If you watch Points on the Board (shame on you if you don’t), you’ll often hear William Del Pilar refer to me as a libertarian– a label I proudly embrace. However, it’s clear to me that most people don’t really understand what “libertarian” means. In today’s political climate, it seems that you’re either a Republican, a Democrat or a traitor. A typical day for a libertarian involves equal numbers of Republicans slandering us by referring to us as Democrats, joined by Democrats accusing us of being Republicans. That’s how I know I’ve done a good job: half the people hate me calling out Biden, half for calling out Trump. And all of them for costing their guy an election.
So in order to lay down the basic tenets of my beliefs (which I’m sure no one will actually pay attention to), I’m obviously ripping off Barry Goldwater (and his ghost writer L. Brent Bozell) to write this column. Notice that unlike The Conscience of a Conservative, I am not attempting to produce a manifesto for a political movement. I’m merely laying out the principles which guide me through this life. It’s not “The Conscience of a Libertarian”– it’s the Conscience of this Libertarian. My beliefs, my opinions, my outlook. Obviously, this is an overview and not an in-depth treatise; however, feel free to leave any questions in the comments section and I’ll do my best to answer promptly.
This one is easy: we own ourselves. Some folks might toss around the term “negative liberty”, but I find that disagreeable. I prefer to use self-ownership, or the idea that individuals have the kind of control over themselves that one might have over possessions they own. This includes rights to control the use of one’s self as well as rights that others not use one’s self without one’s consent. Practical implications: personal drug (medicinal or other) use, absolute freedom of speech and thought, absolute freedom of association, right to suicide, etc. As long as your actions/beliefs relate to your person or property, it’s all fair game. Note: abortion is a tricky subject that needs a lot more space to resolve.
Most libertarians believe in some form of the NAP, but not all agree to its application. Is it absolute? Is it limited to only cases of physical force? Heady stuff to be sure… but to my thinking, I see the NAP as a derivation of pacifism: the use of violence in the absence of self-defense is unacceptable. So invading a nation for its natural resources or to enforce a third-party’s interests? A violation of the NAP. Shooting a home invader threatening you with a baseball bat? Acceptable under NAP. Or at least under my understanding of the NAP.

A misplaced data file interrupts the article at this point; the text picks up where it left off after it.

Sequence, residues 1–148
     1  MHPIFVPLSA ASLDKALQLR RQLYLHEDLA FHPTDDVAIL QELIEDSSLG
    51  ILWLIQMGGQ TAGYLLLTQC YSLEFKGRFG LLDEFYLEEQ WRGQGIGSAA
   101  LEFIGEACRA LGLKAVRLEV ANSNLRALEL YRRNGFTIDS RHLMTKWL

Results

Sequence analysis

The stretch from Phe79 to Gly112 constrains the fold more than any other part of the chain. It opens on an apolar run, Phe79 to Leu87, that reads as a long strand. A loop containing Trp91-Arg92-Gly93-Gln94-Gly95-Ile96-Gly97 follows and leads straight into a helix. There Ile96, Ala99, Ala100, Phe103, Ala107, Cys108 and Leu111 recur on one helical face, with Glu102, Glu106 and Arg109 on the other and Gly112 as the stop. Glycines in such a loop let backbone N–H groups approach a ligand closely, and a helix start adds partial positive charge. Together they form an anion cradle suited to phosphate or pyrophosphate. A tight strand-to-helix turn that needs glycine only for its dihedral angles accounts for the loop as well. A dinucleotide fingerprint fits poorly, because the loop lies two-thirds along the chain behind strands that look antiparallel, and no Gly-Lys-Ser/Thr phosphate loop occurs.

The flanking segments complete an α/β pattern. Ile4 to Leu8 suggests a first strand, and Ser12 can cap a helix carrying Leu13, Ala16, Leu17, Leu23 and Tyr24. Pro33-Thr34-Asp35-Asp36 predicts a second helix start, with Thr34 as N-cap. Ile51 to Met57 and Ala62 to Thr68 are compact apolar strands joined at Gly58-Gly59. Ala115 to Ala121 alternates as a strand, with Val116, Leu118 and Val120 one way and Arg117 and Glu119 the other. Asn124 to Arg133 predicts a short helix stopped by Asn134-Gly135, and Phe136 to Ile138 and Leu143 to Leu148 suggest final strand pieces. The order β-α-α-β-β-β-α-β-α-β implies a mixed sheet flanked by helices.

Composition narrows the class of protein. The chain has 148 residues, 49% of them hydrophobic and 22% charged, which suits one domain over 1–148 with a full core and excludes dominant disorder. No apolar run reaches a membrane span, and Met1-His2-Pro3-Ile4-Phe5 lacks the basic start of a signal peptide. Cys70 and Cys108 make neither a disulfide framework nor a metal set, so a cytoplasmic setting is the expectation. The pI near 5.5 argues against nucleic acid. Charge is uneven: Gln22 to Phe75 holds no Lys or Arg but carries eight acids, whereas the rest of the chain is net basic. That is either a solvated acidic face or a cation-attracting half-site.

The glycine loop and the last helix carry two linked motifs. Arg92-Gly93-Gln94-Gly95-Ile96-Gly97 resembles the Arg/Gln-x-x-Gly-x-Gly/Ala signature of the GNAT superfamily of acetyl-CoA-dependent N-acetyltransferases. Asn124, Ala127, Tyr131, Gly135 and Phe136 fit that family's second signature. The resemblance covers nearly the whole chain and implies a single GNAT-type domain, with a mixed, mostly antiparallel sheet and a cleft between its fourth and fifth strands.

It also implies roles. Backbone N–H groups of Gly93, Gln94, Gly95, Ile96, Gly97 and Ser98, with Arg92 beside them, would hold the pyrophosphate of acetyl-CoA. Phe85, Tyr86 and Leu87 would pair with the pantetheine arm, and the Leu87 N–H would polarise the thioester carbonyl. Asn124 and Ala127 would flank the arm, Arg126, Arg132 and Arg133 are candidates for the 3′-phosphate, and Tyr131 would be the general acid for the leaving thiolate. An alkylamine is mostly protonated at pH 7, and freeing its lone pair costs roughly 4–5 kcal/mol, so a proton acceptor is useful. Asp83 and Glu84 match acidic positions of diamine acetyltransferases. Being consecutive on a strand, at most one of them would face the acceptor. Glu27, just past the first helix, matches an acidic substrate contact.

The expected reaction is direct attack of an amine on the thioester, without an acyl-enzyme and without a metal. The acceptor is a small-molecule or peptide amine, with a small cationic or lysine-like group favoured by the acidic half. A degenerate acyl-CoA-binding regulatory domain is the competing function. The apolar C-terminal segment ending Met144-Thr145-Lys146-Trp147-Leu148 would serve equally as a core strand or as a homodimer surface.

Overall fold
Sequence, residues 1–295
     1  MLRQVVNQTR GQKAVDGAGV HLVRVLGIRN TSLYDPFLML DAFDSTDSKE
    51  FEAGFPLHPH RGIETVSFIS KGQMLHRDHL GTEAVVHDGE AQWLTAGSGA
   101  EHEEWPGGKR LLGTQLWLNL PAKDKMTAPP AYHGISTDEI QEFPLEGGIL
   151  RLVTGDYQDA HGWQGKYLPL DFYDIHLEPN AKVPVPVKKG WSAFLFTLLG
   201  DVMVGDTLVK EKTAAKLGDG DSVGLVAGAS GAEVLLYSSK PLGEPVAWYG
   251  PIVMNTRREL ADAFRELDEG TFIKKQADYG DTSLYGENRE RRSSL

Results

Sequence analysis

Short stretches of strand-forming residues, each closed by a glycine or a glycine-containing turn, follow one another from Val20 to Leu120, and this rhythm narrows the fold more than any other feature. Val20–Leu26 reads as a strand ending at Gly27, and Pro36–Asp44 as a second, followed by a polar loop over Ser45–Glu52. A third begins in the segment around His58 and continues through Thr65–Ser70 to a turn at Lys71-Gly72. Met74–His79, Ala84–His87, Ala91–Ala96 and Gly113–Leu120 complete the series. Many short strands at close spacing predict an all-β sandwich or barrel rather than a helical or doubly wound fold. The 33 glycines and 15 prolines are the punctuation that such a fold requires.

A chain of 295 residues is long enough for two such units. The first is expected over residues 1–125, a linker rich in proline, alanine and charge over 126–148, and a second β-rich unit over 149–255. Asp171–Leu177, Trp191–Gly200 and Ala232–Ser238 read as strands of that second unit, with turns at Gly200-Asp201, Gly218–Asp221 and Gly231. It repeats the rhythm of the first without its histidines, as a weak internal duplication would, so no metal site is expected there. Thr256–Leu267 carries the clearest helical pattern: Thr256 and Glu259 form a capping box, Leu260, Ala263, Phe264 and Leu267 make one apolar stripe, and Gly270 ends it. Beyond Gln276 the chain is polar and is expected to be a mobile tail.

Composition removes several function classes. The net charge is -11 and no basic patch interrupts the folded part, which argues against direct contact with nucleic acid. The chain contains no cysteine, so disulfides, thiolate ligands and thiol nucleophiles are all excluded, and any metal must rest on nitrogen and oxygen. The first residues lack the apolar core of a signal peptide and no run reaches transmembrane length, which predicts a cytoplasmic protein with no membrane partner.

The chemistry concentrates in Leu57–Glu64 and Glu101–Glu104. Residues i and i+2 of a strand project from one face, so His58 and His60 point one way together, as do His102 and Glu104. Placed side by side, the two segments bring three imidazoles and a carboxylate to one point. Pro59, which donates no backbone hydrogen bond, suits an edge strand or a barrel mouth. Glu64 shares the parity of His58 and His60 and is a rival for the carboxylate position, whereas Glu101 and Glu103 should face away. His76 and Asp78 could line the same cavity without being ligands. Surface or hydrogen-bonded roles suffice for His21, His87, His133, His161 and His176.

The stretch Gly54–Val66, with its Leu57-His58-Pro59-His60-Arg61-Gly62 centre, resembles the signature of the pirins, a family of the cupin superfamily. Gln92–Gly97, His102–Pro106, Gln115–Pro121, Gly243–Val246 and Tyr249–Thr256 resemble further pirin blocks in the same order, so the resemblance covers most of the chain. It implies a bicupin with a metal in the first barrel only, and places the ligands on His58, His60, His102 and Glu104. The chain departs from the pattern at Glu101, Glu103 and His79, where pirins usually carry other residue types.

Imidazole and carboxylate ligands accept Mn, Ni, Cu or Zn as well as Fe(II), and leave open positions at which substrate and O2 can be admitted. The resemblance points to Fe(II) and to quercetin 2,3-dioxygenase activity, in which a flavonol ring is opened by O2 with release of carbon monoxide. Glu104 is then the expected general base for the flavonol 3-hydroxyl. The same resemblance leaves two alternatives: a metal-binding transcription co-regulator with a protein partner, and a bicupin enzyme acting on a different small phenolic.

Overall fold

I am a huge proponent of persuasion, which dovetails into my absolutism on the issue of free speech: each of us should be allowed (and encouraged) to persuade others of the merits of our ideas, our philosophies, our beliefs. Do you think I was born a libertarian? No… if anything, my natural tendencies are that of an authoritarian, of someone who demands that everyone else thinks and acts in the manner that I do. It took the persuasive abilities of someone like Milton Friedman to open my eyes (and mind) to the virtues of liberty, and I try to pay it forward as best I can.
Persuasion is the opposite of coercion, the forced acceptance of ideas/behavior; unfortunately, that is the way of the world. The collectivists demand coercion as a core tool of their philosophy: deviation from accepted orthodoxy is not permitted. Now, I’m sure that as soon as you read that previous sentence, you may have thought “Yeah! He’s right! Just look at how the __________ engage in coercion!” Of course, the issue is that your side is never coercive, it’s always the other side that’s coercive, right? I hate to break it to you, but if you’re in agreement with either of the statist parties in the U.S., you’re engaging in coercion/indoctrination of others.
Did he just say that he’s against democracy? Heresy! Yes, I said it: I’m not pro-democracy. I am pro-liberty. What does that mean?
It means that while I realize democracy is perhaps the best way yet discovered for representative governments to be formed (as opposed to dictatorships or monarchies, which rely on violence), I also acknowledge that democracy is merely a tyranny of the majority. I’m sure you’ve heard of the adage: democracy is two wolves and a lamb voting on what’s for dinner.
When I debate folks about specific government policies or laws, “Well, more people voted for it than didn’t” is an argument that holds no water. For me, the righteousness of the policy is not to be determined by the number of people who voted for it– it is determined by whether or not it is in line with the principles of liberty.
In the end, who cares what I think? Probably no one (including my friends and family), but I’m hoping that by laying out this abbreviated description of my foundational beliefs I’ve given you something to think about– perhaps even persuaded you to click some of the links in this article and do some of your own research. Then come back, whether as a friend or foe, and let’s have us a hearty discussion.